Macro/Micro Econ:
- Reuters reports that Credicorp's first quarter numbers "rockets 1,104%."
- Lumina Copper Corp. put out a press release to announce that it has "completed the purchase of the Molino mining concession that lies contiguous to Lumina's Galeno property in the Yanacocha district in Peru. Lumina has a long-term option to acquire a 100% ownership interest in the Galeno property."

Why No More Guano, cont: Science Daily follows up with the new study in the current issue of Fisheries Oceanography that says the populations of Peru's famous island birds "have declined dramatically in the last 40 years, largely because the availability of their main food supply, anchovies, once plentiful, has been severely reduced by the Peruvian fishery." A separate press release has several accompanying photographs. The New York Times refers offhandedly to this news. (See the bottom of the article.)

Truth Commission Reported: National Public Radio's Tavis Smiley interviewed Ellis Close, the author of Bone to Pick: Of Forgiveness, Reconciliation, Reparation, and Revenge, a book that "concludes that the truth and reconciliation commissions in South Africa and Peru provided more of the former than the latter; a Peruvian tells him that reconciliation must be rooted in fundamental change that has so far not been forthcoming in that country."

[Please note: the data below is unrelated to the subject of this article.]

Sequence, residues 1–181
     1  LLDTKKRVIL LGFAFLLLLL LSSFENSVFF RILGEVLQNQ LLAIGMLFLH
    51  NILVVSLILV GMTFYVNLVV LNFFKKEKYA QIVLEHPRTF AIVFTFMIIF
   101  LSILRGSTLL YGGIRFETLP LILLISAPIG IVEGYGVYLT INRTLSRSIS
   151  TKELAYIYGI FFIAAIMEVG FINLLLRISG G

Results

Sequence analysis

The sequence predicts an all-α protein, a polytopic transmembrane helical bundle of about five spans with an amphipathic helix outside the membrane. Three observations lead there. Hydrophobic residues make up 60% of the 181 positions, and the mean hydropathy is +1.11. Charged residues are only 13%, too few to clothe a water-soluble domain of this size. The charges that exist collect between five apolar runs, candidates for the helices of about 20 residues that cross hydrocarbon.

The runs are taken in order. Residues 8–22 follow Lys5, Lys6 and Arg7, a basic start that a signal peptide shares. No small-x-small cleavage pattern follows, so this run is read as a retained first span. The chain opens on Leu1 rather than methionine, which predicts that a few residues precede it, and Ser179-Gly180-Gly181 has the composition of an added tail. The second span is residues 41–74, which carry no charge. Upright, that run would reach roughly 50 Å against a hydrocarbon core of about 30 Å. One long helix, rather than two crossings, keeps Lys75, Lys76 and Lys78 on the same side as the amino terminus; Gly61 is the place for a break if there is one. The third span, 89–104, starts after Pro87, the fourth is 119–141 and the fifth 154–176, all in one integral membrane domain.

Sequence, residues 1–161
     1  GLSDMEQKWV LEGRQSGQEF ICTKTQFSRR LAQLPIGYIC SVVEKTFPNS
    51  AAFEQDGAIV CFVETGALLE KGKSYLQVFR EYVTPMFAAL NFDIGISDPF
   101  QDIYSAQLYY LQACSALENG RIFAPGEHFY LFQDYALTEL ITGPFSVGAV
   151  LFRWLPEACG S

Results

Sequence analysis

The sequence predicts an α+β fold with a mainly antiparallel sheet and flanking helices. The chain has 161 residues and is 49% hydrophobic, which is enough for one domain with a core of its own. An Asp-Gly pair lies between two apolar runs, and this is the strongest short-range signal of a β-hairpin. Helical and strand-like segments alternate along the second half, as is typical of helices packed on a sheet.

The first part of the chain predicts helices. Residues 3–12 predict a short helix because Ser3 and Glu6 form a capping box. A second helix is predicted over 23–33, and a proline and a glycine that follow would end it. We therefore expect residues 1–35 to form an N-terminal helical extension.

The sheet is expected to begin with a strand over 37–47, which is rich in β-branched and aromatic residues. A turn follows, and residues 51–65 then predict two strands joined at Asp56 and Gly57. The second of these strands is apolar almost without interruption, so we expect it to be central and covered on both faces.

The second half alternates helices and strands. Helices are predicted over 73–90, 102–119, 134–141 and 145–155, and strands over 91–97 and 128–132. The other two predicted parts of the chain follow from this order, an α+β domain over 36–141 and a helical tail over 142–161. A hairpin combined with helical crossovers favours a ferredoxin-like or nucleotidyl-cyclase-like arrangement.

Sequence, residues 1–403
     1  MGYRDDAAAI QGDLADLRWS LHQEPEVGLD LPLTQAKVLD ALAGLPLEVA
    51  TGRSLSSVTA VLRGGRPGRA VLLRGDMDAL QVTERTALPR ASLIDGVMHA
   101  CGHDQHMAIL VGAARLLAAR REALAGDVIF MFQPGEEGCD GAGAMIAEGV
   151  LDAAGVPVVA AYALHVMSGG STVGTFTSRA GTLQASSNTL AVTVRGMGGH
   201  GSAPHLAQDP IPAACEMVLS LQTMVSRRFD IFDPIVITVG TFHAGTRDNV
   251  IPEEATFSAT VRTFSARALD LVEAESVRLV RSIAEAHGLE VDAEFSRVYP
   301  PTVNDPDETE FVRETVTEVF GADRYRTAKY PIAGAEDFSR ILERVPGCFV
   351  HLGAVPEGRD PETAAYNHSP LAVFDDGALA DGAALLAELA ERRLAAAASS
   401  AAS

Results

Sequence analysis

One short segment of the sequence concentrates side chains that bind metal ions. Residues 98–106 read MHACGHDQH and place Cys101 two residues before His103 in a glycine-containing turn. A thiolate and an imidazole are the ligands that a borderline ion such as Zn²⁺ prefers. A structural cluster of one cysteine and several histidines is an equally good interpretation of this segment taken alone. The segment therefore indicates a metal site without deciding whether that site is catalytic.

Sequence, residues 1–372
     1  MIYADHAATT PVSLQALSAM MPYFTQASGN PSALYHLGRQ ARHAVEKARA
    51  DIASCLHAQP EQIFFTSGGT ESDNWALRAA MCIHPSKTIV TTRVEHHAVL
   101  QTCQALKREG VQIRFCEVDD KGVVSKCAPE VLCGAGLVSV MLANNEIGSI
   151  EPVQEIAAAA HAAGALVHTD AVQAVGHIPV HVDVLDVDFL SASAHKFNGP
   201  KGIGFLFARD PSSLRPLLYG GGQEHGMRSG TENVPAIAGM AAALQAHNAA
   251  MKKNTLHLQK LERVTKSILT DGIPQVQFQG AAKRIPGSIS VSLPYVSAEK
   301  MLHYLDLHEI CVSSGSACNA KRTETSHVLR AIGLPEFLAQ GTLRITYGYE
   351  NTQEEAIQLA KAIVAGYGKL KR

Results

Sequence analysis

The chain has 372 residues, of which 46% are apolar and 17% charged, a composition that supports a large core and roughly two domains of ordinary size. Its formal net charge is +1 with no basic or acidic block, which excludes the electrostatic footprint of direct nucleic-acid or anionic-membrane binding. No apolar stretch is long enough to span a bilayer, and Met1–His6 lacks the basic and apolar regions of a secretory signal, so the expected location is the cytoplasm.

LHorna Defeated: The Washington Post reports that Nikolay Davydenko "needed 84 minutes to defeat" Luis Horna 6-4, 6-1. Reuters offers a photo of Horna in his final match of the tournament. Davydendko went on to win the BMW Open.

Sporting Cristal vs Boca Juniors: Reuters previews the match between Sporting Cristal "dreaming of another upset when they host Boca Juniors in Tuesday's South American Libertadores Cup second round, first leg match."

- Minnesota's St. Cloud Times notes that Rev. John 'Jack' Davis, a missionary in Chimbote, will receive the Pax Christi Award at St. John's University.
- An article in the Revolutionary Worker has at least three references to the Partido Comunista del Peru today.
- Italo-Peruvian Art: The Washington Post lists that "Italian-influenced Peruvian furnishings" will be dsplayed at the Palazzo Italia, Italian Cultural Center, in Baltimore. "Hand-carved pieces created by artisans from Peru's Andean Mountains who are members of a cooperative taught by masters from Italy."